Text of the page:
As I do not use failsafe, and the receiver should still operate down to something like (3.8 volts, as I recall?), this looks fairly good to me.

With very large aircraft that have many servos and/or high current drains, do folks usually make up a power bus arrangement so that certain servos are powered by one battery pack, the rest by another and then the signal lines carry through to the receiver(s)?

I very much appreciate, and enjoy, any and all comments in response to my questions.

As for switches - depending upon the model, I often do not use a switch, just plug the battery directly into the receiver (preferrably) or into an extension that goes to the receiver. While to some, this may not make sense, and possibly be a bit worrisome due to wearing of plug contacts over time, I do this on my SPAD things and these have spent many, many hours in the air with the connectors flailing around in the slipstream, with never a failure or working loose.
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Old 03-16-2007, 09:57 AM   #5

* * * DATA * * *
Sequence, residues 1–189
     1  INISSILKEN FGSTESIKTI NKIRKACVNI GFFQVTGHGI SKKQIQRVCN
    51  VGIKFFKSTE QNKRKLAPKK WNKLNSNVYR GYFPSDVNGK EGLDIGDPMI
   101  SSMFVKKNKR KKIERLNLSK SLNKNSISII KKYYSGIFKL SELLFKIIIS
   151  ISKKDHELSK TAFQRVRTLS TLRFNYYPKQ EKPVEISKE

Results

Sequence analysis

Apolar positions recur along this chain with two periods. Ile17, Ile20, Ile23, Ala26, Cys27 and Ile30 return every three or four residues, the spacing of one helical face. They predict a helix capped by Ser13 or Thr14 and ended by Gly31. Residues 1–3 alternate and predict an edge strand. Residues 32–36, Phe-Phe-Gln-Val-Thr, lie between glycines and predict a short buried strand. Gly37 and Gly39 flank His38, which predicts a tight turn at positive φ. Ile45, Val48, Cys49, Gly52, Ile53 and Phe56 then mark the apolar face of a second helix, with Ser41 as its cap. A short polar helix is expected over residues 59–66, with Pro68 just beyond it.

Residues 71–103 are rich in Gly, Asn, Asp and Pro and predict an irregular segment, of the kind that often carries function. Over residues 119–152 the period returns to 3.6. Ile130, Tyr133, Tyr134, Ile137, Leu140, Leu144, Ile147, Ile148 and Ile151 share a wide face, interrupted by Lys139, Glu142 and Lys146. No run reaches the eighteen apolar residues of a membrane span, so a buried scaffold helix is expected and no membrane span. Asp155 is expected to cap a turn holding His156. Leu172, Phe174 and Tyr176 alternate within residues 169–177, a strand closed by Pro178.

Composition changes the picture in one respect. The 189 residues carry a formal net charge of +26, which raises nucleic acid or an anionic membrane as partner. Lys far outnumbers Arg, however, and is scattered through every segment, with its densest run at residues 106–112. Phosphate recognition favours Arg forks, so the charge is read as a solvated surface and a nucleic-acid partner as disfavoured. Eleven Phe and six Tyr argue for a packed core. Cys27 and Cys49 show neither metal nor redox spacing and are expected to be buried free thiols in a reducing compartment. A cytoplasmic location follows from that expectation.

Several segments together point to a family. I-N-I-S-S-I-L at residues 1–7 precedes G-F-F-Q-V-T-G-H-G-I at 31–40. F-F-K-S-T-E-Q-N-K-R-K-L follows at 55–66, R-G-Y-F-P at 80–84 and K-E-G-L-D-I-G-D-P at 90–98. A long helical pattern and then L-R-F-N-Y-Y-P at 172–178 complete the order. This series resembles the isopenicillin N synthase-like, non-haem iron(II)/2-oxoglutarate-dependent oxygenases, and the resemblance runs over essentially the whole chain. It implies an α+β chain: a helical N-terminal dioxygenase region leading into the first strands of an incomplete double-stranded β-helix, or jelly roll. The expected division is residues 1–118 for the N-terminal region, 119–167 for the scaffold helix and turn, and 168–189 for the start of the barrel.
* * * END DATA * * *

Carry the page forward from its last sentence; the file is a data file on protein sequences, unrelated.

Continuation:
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another option

As for switches with lots of servos I would think it may be nice to be able to turn them off when you are not flying by moving a switch or inserting a pin. Futaba heavy duty switches are reportedly the best mechanical switches on the market.

Also use heavy duty servo extensions
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Old 03-16-2007, 01:34 PM   #6
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battery redundancy

If you put the diodes on the 4 cell batt; it will be a waste of time , that is what happened to me . The diodes take a good amount out of the voltage , think is is .6 of a volt ? My batts were fully charged , but as i was taking off it went into fail safe -because the batts were reading low , . When I checked with mick Reeves [ a world class flyer] in UK who had sent me the schematic with the diodes in he said it has to be a 6 vlt /5 cell system because the diodes take the batts down in voltage . So only use the diodes on 6vlts . Using switches is surely a much prefered way of putting the radio on & off . I have been using 2 batts & 2 switches for a few years now at 4.8 /4 cells without diodes and no probs .
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Old 03-16-2007, 07:37 PM   #7